Of RCOs and Radar


Well-Known Member
I have a few questions for anyone who knows the technical aspects of the ARTCC system.

Salt Lake ARTCC (or any Center) covers quite a large chunk of airspace. Is there just one radar site or are there many covering the area all transmitting data to the facility in SLC? What about the communications? I know they have different antennas spread about the country. How are they "hooked" the facility? Is it via landline or "beamed" via airways?


New Member
Hey SkyWChris,

From what I understand, there are numerous radar sites transmitting data to the facility. Communications between controllers and pilots are via the airwaves, while coordination between controllers in the same and adjacent facilities are through the landlines. At each sector, the controllers have a small screen with numerous touchscreen buttons. Each button connects the controller to a different sector. By pushing the button, the controller is in contact with another controller and they can coordinate with each other (the pilots never hear anything). Often times when you call a controller and he does not respond, or if you make a request and he gives you a "standby," he is on the "line," coordinating with another controller. Hope this helps!


Well-Known Member
Hiya Chris,

Most ARTCC systems use what is called a "mosaic" system. That is, there are several radar sites that feed into the system, and then the ATC computers digitize and then create the displays based on the combined information. Most center radar updates about once every 6 seconds, while terminal radar is faster (once per second or so, depending on the system).

Most terminal radar is single site, although NYC has a mosaic (a complicated custom deal from a while ago), and some of the new combined facilities also have multiple sites (a new type of system, one in LA and other in DCA).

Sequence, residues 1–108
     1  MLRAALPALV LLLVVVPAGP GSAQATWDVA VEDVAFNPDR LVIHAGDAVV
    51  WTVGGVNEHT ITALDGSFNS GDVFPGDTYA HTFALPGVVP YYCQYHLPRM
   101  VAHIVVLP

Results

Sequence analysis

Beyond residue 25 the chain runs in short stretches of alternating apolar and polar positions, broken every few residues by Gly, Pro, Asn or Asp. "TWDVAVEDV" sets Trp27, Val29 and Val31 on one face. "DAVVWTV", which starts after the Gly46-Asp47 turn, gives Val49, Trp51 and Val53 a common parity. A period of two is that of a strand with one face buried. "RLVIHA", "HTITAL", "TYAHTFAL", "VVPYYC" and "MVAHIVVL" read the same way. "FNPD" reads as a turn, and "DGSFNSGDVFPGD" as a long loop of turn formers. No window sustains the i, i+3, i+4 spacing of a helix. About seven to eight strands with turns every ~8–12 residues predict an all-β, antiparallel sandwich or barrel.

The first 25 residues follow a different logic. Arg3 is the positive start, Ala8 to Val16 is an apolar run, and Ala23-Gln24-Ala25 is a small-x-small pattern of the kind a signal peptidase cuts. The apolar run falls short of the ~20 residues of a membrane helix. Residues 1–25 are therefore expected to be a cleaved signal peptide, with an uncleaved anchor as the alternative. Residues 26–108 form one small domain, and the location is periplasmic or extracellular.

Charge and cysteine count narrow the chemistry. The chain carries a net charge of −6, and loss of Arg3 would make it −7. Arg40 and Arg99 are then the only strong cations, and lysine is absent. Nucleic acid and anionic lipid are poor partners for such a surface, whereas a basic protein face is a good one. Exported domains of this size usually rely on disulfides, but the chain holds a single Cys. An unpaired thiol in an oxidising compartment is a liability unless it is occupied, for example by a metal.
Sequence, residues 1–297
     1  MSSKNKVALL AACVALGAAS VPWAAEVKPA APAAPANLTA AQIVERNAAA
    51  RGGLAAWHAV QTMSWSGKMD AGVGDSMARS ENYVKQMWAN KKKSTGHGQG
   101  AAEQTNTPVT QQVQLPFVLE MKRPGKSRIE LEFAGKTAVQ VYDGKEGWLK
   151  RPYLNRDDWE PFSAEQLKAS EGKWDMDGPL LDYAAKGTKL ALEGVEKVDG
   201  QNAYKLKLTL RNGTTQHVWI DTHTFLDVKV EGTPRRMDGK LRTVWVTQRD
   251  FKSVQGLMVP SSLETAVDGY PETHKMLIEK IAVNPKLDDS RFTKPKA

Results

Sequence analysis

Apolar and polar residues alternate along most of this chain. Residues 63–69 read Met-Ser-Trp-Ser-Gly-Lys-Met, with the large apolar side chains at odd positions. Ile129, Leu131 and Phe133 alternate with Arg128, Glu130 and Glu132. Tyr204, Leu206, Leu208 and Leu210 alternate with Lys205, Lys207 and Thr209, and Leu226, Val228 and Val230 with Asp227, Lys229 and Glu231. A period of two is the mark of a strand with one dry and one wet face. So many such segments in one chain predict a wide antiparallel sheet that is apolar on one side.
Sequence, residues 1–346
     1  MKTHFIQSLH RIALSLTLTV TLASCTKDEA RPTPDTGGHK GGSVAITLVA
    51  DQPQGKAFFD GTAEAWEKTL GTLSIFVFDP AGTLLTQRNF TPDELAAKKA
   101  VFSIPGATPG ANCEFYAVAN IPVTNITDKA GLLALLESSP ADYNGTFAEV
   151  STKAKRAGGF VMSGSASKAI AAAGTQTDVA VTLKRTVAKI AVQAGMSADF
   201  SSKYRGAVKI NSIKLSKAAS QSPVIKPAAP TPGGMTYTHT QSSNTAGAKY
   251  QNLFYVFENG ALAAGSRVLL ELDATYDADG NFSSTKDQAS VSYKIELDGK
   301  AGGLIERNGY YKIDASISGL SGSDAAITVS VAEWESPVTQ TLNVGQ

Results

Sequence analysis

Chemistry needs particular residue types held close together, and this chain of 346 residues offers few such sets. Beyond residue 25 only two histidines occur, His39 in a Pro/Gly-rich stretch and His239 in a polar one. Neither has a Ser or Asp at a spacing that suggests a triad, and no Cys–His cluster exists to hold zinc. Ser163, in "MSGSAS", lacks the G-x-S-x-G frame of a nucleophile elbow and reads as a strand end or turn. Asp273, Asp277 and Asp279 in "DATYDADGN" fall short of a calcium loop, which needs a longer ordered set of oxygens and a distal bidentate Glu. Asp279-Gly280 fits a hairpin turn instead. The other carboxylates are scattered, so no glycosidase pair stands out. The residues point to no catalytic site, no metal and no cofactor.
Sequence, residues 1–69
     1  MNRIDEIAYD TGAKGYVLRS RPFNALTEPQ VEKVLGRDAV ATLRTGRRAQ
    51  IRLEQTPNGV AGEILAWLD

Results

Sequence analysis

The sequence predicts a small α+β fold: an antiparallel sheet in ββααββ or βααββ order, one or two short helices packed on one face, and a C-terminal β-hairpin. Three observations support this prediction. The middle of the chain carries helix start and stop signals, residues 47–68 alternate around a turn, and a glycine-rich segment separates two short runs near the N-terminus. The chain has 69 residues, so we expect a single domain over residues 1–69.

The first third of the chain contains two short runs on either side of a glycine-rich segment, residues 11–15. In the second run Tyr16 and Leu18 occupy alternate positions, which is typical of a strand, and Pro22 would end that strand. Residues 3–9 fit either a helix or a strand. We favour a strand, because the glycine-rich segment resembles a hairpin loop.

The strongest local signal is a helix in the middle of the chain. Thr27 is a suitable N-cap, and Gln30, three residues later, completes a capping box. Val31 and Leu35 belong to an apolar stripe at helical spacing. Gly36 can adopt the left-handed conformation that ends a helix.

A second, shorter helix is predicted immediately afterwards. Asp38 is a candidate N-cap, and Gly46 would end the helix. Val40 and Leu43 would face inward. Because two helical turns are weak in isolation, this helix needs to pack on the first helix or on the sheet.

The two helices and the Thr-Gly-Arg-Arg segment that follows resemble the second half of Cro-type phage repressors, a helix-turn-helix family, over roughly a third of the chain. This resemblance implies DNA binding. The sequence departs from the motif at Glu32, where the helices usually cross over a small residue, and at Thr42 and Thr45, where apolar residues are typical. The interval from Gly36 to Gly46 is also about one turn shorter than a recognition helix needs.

Lately, some facilities have gotten remote sites. Charlottesville in VA used to be controlled by Washington Ctr, and it was a real PITA to get into and out of when it was IFR because of separation requirements and radar coverage. A few years ago, some other facility got a new ASR-9 radar, and then they took the old system and put it on a hill next to CHO and remoted it to Richmond Approach. It was a HUGE improvement.

The radio network is the same deal. Most freqs have a primary and a backup tranciever, and there are numerous sites all over the center's area of coverage. Every once in a while you will hear a controller tell someone to try another freq that they give them improved reception via another location. I know in Montana SLC center had remotes at the busier airports that were uncontrolled or when the tower closed. MSP center had the same deal with some NoDak and SoDak sites.

In both cases, land lines and microwave is used to connect the remote sites to the main facility, depending on geography and local service.

Very best,


Well-Known Member
Wow, great posts, guys, thanks! Yeah, I've heard, the "sorry, on the landline." I've been tempted to use that one when I've missed a radio call- but I chicken out every time. Don't want to get on ATC's bad side (Skywest, turn right 30-degrees, slow to 250).


Cap, Roci
Staff member
I thought about saying that too, but I fear: "Delta 1491, descent and maintain 17,000 squawk 1200 frequency change approved"